Note that at the level of grammar, German is simply verb-second, placing the inflected verb second, and when the inflected verb is an auxiliary verb, the main verb occurs at the end of the clause. Thus when the inflected verb is the main verb, it is possible to get OVS order, or VSO order if an adverb or prepositional phrase precedes the verb, but SVO is apparently more common than these. Type 1 is the most common of the types on this map; this most likely is related to the fact that SOV and SVO are by far the two most common types among the six possible orders of subject, object, and verb on Map 81A.
Type 2 represents languages which are SVO/VSO. The fact that there are half as many languages of this type compared to SOV/SVO languages while there are more than five times as many SOV as VSO languages means that the ratio of SVO/VSO to VSO is higher than the ratio of SOV/SVO to SOV. In other words, the frequency of Type 2 is greater than we might expect. The high number of Type 2 languages relates to Universal 6 of Greenberg (1963): “All languages with dominant VSO order have SVO as an alternative or as the only alternative basic order”. Although there may be exceptions to Greenberg's universal, the fact that VSO languages generally allow SVO as an alternate word order makes it unsurprising that we would find many SVO/VSO languages. A number of the Type 2 languages occur in genealogical groups that also contain VSO languages, such as Berber, Semitic, and various subgroups of Austronesian.
Type 3 languages represent languages which are VSO/VOS. This is the second-most frequent type on Map 81B and given the fact that neither of the two types it is based on are among the two more frequent orders SOV and SVO, this type is considerably more frequent than one might otherwise expect.
Type 4 represents languages which are SVO/VOS, analogous to Type 2, except with VOS instead of VSO. Their high frequency despite the relative rarity of VOS languages is presumably analogous to the factors discussed above with respect to Type 2.
Type 5 represents languages which are SOV/OVS. The three languages in the sample of this type are Wichita (Caddoan; Oklahoma), Apalaí (Cariban; Brazil), and Macushi “Determining Dominant Word Order”. Note that a number of OVS languages are fairly rigidly OV, but allow SOV as a not infrequent alternate order, so that in some cases there may be a question as to whether a language should be classified as OVS or SOV/OVS.
Some languages are described as being verb-final with the order of subject and object pragmatically determined, suggesting that they are of a type SOV/OSV not shown on this map, such as Anamuxra (Madang; Papua New Guinea) (Ingram 2001) and Mekeo (Oceanic; Papua New Guinea) (Jones 1998a). While there may be some languages of this type, it has been my experience that when one counts the frequency of SOV and OSV order in texts for languages which are so described, SOV usually outnumbers OSV order by well over 2 to 1, and thus the language counts as SOV by the criteria assumed in this chapter (see “Determining Dominant Word Order”). In the absence of such text counts, such languages are shown on Maps 82A and 83A as SV and OV, but are not shown on this map, it being considered unknown whether they are SOV or SOV/OSV. I have yet to find a language where text counts show SOV and OSV occurring with comparable frequency and hence I have yet to find a language that I would classify as SOV/OSV.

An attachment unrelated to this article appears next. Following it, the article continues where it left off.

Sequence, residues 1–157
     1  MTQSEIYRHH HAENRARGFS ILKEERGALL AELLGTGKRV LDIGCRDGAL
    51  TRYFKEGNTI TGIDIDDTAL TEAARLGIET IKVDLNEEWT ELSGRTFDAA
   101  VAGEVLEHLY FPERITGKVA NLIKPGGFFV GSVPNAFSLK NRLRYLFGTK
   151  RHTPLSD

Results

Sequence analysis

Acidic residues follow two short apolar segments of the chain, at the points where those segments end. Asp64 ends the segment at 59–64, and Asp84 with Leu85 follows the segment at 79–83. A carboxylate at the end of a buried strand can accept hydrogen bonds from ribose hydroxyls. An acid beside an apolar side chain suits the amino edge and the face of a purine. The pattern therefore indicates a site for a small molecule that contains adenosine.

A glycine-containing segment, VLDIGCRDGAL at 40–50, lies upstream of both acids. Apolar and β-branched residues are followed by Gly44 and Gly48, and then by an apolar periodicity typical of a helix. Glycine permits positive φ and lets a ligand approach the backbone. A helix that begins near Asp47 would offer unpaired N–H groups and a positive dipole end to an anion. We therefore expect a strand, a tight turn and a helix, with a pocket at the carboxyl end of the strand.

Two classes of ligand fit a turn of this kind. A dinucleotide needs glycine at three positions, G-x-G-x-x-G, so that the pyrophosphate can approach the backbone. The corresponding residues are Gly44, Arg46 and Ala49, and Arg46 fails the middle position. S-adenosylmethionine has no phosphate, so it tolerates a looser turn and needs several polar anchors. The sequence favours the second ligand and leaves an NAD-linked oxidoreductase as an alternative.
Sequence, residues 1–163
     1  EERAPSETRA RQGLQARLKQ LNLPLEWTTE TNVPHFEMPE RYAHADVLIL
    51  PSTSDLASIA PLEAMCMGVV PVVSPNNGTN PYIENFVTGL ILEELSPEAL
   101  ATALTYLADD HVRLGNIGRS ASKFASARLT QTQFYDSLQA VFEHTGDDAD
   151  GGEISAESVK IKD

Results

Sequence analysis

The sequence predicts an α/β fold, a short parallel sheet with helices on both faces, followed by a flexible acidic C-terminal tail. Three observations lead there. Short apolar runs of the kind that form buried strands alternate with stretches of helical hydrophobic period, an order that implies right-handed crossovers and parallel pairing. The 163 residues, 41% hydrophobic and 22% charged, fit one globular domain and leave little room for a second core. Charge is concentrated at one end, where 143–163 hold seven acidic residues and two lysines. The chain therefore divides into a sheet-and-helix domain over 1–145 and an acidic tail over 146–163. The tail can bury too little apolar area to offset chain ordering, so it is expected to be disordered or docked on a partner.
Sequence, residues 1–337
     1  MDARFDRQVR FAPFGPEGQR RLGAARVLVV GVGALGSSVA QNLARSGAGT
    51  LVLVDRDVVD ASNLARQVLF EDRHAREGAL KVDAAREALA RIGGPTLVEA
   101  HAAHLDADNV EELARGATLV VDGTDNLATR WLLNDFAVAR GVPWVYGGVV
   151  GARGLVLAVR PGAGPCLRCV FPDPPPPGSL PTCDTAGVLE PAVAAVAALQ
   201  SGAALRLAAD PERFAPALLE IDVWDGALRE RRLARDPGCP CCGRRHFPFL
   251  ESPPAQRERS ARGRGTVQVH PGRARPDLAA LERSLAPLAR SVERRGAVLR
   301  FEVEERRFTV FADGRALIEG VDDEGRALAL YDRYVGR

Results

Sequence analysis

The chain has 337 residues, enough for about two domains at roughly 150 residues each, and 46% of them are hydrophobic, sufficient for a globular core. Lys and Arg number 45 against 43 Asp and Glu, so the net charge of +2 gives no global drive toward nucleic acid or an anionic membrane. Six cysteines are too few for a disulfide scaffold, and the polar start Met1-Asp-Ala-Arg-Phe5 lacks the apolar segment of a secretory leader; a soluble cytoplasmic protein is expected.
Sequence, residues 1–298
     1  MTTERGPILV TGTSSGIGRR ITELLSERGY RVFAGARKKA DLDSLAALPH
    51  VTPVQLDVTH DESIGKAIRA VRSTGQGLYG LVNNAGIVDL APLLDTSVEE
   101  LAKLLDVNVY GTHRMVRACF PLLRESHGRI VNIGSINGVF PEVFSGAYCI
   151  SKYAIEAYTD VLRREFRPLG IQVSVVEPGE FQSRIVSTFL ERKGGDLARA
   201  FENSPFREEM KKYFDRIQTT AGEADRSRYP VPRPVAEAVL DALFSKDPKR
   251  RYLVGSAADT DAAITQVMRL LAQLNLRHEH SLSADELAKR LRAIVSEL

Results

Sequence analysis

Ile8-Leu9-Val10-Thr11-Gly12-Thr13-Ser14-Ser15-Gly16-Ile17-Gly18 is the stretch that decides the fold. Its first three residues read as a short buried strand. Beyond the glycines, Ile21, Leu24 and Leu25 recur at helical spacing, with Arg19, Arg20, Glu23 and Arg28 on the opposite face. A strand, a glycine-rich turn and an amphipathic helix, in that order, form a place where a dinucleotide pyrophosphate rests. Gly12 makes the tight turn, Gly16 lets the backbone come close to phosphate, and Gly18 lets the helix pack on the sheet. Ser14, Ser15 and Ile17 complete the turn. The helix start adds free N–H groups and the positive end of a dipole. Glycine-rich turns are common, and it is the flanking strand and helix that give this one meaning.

Among the languages shown on Map 81B, there are some languages where the alternation between the two orders is apparently pragmatically governed while there are others where it is grammatically governed. German is a clear example of the latter sort. In fact, the languages where the alternation is grammatically governed are generally of Type 1. A number of languages (Nuer (Ethiopia and Sudan), Dinka (Sudan) both Nilotic languages, and Ngiti (Lendu; Democratic Republic of Congo)) employ the SOV order when there is an auxiliary, although in Nuer the auxiliary element is nonverbal. The Moru-Ma'di languages (represented here by Moru (Sudan), Avokaya (Democratic Republic of Congo and Sudan), Logoti (Democratic Republic of Congo), Lugbara (Democratic Republic of Congo and Uganda), and Ma'di (Sudan and Uganda)) have two constructions, a perfective/past construction and an imperfective/nonpast one, the former being SVO, the latter SOV, and when an auxiliary is employed in the SOV construction, the order is SAuxOV.
While the feature shown on this map is perhaps the single most frequently cited typological feature of languages, it is now recognized that it represents a clause type that does not occur especially frequently in spoken language; it is more common that at least one of the two arguments of a transitive clause will be pronominal, and in many languages pronominal subjects are expressed by verbal affixes. It is argued by Dryer (1997) that a more useful typology is one based on two more basic features, whether the language is OV or VO and whether it is SV or VS; these are shown on the next two maps, in Chapters 82 and 83. In addition, as noted above, the order in transitive clauses is not always the same as the order in intransitive clauses. The feature shown on this map is also important in that many other features are predictable from it, at least statistically. Most of these features correlate more specifically with the order of object and verb (Greenberg 1963, Dryer 1992; see Chapters 95, 96, and 97). For a few features, SVO languages exhibit properties intermediate between those of SOV languages and those of verb-initial languages, though in general they are more similar to verb-initial languages (Dryer 1991).